The majority of the House Republican Conference voted on Thursday against enshrining in law the right to obtain and use contraceptives in the United States, calling such a law an affront to religious liberty.
The bill passed by a vote of 228-195, with two Republicans voting "present." Just eight Republicans joined every Democratic House member in voting for H.R. 8373, titled the Right to Contraception Act.
The bill declares,
In order to further public health and to combat efforts to restrict access to reproductive health care, congressional action is necessary to protect access to contraceptives, contraception, and information related to contraception for everyone, regardless of actual or perceived race, ethnicity, sex (including gender identity and sexual orientation), income, disability, national origin, immigration status, or geography. ... A person has a statutory right under this Act to obtain contraceptives and to engage in contraception, and a health care provider has a corresponding right to provide contraceptives, contraception, and information related to contraception.
The bill empowers the United States attorney general to "commence a civil action on behalf of the United States" against any state or government official that limits or violates that right.
Democrats said the bill was necessary after the Supreme Court in June overturnedRoe v. Wade, the landmark privacy case that affirmed the right to an abortion before fetal viability.
In a concurring opinion in that case, Dobbs v. Jackson Women's Health Organization, Justice Clarence Thomas said other landmark privacy cases should also be reconsidered, including Obergefell v. Hodges, which affirmed the right of same-sex couples to marry, and Griswold v. Connecticut, the 1965 case in which the court affirmed that married couples had the right to contraception.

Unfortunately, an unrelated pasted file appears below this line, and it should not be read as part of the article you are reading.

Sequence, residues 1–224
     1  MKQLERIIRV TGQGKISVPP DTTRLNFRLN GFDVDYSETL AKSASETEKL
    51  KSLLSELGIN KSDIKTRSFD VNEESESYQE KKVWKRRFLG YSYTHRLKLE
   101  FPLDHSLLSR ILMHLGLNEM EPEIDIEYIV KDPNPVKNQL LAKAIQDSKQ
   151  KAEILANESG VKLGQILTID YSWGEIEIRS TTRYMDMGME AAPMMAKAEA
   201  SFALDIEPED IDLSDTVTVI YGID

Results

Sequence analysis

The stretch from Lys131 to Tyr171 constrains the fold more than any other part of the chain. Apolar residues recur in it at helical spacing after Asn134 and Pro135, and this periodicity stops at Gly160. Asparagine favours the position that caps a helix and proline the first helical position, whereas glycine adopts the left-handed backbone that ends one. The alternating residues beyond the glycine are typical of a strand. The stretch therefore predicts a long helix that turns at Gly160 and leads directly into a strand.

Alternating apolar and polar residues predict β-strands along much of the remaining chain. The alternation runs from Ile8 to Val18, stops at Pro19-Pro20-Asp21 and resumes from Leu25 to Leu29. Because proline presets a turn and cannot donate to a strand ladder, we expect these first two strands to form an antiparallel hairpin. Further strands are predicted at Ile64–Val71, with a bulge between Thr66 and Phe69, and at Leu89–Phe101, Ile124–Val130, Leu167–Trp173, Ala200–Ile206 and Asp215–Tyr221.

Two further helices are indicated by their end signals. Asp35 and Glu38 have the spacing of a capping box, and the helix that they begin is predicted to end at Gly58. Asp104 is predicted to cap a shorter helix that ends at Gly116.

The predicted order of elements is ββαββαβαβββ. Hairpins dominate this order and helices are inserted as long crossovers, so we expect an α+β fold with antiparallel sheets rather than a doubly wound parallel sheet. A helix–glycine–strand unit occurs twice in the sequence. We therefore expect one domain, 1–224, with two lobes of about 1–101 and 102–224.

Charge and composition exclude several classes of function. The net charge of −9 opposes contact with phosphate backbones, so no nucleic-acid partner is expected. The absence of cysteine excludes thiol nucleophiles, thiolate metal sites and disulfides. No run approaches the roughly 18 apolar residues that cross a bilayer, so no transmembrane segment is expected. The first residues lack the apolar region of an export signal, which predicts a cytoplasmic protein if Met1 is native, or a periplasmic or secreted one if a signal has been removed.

"In future cases, we should reconsider all of this Court's substantive due process precedents," Thomas wrote, adding that the court has a "a duty to 'correct the error' established in those precedents."
Rep. Kathy Manning, the North Carolina Democrat who sponsored the legislation, said ahead of the vote, "The Supreme Court's decision stripping away the right to abortion has emboldened extremist attacks on women's freedoms. Today, the House will vote on my #RightToContraception Act that protects birth control for all by enshrining the right to contraception in federal law."
Rep. Cathy McMorris Rodgers (R-WA), the ranking member of the House Energy and Commerce Committee, called the bill "the Payouts for Planned Parenthood Act" and said in a floor speech on July 18, "Unfortunately, today, rather than work with us, Democrats are again spreading fear and misinformation in an attempt to pass a poorly drafted bill, which opens the door further to their extreme abortion-on-demand agenda. ... First, this bill is a trojan horse for more abortions."
Repeating a talking point used often by Republicans, Rodgers mischaracterized certain drugs and devices as abortifacients, claiming of the bill, "It defines the term contraception so broadly it includes drugs used for chemical abortions and would permit the use of certain contraceptives to be used off-label for abortions. It would send more taxpayer dollars to Planned Parenthood, freeing up more funds for them to provide abortions and end the lives of the most helpless among us."
State Republican legislators across the country are already talking about banning certain kinds of contraception in the wake of the Dobbs decision, including emergency contraception such as Plan B and intrauterine devices.
Citing another right-wing talking point about contraception, Rodgers said that H.R. 8373 "will continue President Biden's war on religious liberty and conscience protections. Where is the respect for the Little Sisters of the Poor and their victory for their constitutionally guaranteed religious freedom?"
House Democrats earlier passed bills that would codify the right of same-sex couples to marry and of people to obtain abortions in the United States, both rights that have been threatened or eliminated with the reversal of Roe.
On Tuesday, the House passed the Respect for Marriage Act, with 157 Republicans voting no.
On July 15, the House passed two bills that would codify the right to obtain an abortion and the right to travel across state lines to obtain one. The first, the Women's Health Protection Act, bill passed by a vote of 219-210, with just all Republicans and Democrat Henry Cuellar of Texas voting against it. The second, the Ensuring Women's Right to Reproductive Freedom Act, passed by a vote of 223-205, with three Republicans joining all Democrats to vote in favor.
The House bills would need 10 Republicans to join all Democrats in voting for them in order for them to overcome a Republican filibuster and pass in the Senate.
Reprinted with permission from American Independent.